“The phrase “intrusive thoughts” seems to be having a moment—that is, on TikTok, at least.
The hashtag #intrusivethoughts has amassed over 830 million views, and research corroborates the growing interest in the phrase as over 90% of people experience intrusive thoughts. But with all this attention, the phrase’s definition has gotten, and experts aim to set the record straight.
Various TikToks have depicted intrusive thoughts as everyday impulses like the sudden urge to cut your hair or take an egg and smash it on the floor. But it can be more complex than that. Intrusive thoughts refer to images or ideas that typically cause discomfort.
Specific interactions can stimulate their presence, and other times they infiltrate suddenly, says Dr. Nina Vasan, a psychiatrist and the chief medical officer at Real, a mental health support app.
“They’re unwanted, and they cause a lot of distress,” Vasan tells Fortune. Intrusive thoughts are estimated to affect six million Americans, according to the Anxiety and Depression Association of America.
Thoughts may pop into someone’s head related to violence, sex, or something terrible happening to someone they love. Other times, people face negative, degrading thoughts about themselves or feelings of paranoia about making mistakes or experiencing an accident.
While anyone can experience this phenomenon, it’s more commonly associated with mental health conditions. Having obsessive-compulsive disorder (OCD) can trigger these thoughts. Stress and anxiety, along with PTSD, can also put people at risk for these kinds of thoughts, Vasan says, and anything from a dream to an overwhelming interaction at work can set them off.
“The reason why it’s distressing is because these thoughts usually are not in line with that person’s regular way of acting or thinking,” Vasan says. “And so as a result, they end up feeling a lot of fear or shame.”
People blame themselves for having thoughts that feel embarrassing to say out loud. Instead of thinking, “this thought is bad,” people think, “I am bad,” Vasan says. It leads to rumination and distracts from daily life—not to mention is incredibly uncomfortable.
The bottom line: these thoughts can feel impossible to rid away.
So what do you do when an intrusive thought pops in and makes itself at home?
Don’t judge yourself
When faced with an intrusive thought, Vasan says to break the cycle of judging yourself for having it. Although you can’t see it, many people face unwanted thoughts.
People with a diagnosed mental health disorder tend to judge themselves and feel more shame around the intrusive thoughts, according to the OCD & Anxiety Center.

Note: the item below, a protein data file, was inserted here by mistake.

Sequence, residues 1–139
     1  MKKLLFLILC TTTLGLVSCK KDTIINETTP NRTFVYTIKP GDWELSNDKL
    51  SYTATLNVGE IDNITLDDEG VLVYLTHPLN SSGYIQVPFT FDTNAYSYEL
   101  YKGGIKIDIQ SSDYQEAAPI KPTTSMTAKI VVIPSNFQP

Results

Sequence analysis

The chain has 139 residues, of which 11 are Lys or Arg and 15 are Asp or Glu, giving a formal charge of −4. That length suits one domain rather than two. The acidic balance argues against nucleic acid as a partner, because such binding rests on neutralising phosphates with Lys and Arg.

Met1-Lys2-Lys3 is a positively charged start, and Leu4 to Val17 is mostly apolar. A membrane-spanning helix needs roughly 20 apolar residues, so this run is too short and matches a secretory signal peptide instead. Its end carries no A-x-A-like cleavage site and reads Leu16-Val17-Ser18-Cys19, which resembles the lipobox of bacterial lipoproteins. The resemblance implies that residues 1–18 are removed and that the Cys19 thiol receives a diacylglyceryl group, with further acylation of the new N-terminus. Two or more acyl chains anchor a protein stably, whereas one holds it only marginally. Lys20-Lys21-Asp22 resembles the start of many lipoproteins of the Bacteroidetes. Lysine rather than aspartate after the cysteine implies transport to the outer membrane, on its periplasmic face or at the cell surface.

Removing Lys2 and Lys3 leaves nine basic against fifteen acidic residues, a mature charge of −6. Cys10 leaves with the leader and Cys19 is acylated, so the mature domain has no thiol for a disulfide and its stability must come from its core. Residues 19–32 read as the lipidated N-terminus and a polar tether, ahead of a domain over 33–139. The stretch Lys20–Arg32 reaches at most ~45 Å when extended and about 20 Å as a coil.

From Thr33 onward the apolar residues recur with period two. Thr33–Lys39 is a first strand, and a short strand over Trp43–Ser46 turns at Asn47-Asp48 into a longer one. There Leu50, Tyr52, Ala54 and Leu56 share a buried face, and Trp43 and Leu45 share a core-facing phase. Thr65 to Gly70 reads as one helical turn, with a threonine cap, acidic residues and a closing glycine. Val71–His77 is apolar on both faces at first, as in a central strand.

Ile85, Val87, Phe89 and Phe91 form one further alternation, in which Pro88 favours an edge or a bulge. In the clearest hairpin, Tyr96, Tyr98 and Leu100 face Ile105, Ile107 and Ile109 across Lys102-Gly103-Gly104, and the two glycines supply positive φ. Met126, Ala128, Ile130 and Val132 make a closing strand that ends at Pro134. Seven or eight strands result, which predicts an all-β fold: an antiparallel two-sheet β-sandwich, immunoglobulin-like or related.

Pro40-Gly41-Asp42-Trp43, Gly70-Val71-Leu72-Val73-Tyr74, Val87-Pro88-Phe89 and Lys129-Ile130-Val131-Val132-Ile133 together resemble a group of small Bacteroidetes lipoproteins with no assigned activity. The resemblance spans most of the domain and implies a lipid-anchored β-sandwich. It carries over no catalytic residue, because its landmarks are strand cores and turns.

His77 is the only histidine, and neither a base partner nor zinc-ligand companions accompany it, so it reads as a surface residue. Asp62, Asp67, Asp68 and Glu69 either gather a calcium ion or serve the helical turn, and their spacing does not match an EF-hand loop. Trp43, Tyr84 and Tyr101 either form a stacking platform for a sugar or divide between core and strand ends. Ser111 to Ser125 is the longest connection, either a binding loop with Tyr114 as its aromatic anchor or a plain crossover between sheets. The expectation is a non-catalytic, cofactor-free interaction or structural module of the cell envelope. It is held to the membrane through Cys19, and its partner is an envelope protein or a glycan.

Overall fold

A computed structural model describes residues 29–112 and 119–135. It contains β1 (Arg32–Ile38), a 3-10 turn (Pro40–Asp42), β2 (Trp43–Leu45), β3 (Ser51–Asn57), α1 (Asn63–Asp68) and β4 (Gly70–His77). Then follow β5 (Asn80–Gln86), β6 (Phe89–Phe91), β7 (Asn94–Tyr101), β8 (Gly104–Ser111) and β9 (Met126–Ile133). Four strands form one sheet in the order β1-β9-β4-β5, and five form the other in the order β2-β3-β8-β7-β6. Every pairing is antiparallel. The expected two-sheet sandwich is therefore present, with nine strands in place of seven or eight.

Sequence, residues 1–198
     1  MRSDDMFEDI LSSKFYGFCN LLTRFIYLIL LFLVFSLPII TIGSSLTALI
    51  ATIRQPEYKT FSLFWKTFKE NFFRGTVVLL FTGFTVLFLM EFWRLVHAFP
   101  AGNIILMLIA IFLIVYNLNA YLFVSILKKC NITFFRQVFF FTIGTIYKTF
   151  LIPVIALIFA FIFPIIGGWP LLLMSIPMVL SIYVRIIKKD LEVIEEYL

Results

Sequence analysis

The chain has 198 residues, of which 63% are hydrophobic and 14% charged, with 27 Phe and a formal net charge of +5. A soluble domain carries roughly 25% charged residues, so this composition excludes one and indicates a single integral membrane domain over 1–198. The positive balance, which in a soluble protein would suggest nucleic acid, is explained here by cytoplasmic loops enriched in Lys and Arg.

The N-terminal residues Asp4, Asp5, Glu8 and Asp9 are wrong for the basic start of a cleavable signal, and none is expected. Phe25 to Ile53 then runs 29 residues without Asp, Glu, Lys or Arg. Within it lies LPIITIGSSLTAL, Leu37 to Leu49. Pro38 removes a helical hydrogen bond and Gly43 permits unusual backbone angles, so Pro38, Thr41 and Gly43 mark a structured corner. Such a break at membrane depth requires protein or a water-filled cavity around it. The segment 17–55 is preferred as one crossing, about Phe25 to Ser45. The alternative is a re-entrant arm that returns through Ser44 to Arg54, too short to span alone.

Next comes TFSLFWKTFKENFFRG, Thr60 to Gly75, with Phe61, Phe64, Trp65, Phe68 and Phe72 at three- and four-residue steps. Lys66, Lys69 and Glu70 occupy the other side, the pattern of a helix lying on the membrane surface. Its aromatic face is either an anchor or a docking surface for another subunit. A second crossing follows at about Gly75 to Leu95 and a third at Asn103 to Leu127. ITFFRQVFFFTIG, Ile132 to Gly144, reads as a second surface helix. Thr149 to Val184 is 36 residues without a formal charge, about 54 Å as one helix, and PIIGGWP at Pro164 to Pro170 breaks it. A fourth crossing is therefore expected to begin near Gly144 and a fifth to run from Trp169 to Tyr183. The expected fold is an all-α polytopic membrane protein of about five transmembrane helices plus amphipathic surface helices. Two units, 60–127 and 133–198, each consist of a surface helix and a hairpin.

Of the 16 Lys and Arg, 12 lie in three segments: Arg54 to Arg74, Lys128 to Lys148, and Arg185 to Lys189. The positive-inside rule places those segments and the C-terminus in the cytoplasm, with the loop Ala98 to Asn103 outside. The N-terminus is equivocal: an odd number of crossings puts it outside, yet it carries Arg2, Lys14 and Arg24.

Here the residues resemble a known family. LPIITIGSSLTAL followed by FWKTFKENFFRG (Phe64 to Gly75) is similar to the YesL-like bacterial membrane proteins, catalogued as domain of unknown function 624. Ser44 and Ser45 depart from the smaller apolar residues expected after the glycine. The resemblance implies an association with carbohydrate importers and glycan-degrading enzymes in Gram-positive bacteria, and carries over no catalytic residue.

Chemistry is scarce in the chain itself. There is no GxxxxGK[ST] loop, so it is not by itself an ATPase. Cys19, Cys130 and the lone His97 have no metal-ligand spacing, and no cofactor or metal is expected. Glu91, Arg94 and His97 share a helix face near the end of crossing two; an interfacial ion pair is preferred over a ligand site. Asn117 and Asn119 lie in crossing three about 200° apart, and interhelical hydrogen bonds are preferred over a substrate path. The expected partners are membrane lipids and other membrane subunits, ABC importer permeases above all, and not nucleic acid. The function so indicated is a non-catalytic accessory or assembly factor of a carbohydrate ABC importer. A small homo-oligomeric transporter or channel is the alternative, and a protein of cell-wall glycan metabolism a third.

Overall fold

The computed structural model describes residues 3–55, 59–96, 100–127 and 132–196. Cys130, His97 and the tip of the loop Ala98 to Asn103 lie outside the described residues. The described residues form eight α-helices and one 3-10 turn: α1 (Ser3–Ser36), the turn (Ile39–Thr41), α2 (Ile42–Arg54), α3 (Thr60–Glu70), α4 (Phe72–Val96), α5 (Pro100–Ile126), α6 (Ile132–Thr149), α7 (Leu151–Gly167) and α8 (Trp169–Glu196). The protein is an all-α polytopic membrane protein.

“It’s really important to recognize that these thoughts do not say anything bad about you,” Vasan says, and it can be easy to forget that people have tens of thousands of thoughts per day.
Remember they are thoughts
Our brains can play tricks on us, causing us undue fear.
We often get stuck in a worry spiral, thinking of the worst-case scenario in order to protect ourselves. But unfortunately, we can’t save ourselves from every bad outcome. Vasan says confronting intrusive thoughts takes separating the thought from reality.
“Thoughts are just thoughts,” she says. “They’re not inevitably going to happen.”
We may also face thoughts that make us question our own morals and integrity. You can comfort yourself in knowing that it doesn’t mean you will act on those thoughts, nor are they a reflection of your character, says Dr. Tom Zaubler, a psychiatrist based in New Jersey and the chief medical officer at NeuroFlow.
Don’t suppress them
Forcing yourself to stop thinking a certain way won’t wish the thoughts away. Suppression can have the opposite effect, launching the thought back even stronger. When you tell yourself not to think about something, the brain can become more attached to it.
Challenge the thoughts
Without judgment, ask yourself why you’re thinking this way. When is the thought happening? Do you notice any patterns? Sitting with discomfort can help you discover potential triggers. How can you help yourself and break the cycle?
When confronting unwanted thoughts, I’ve turned to journaling. The practice has helped me understand them better and, therefore, sort through why they may have surfaced. It gives me a sense of control over the thoughts, which are inherently uncontrollable. Try writing or repeating phrases in your head like, “this too shall pass” or “this is temporary,” Vasan says.
Cognitive behavioral therapy specifically helps people unravel their thoughts and distinguish them from their feelings and from reality. Others may find that meditation, breathing exercises, or talking the thoughts over with a licensed mental health expert works. If the thoughts become overbearing, reaching out for emergency mental health help is vital.
People have been battling their intrusive thoughts long before the phrase received wide attention over the internet. But the rise in loneliness, anxiety, and depression may have led people to open up about their experiences on social media because, by nature, experiencing these thoughts causes a “very isolated solitary experience,” Vasan says.
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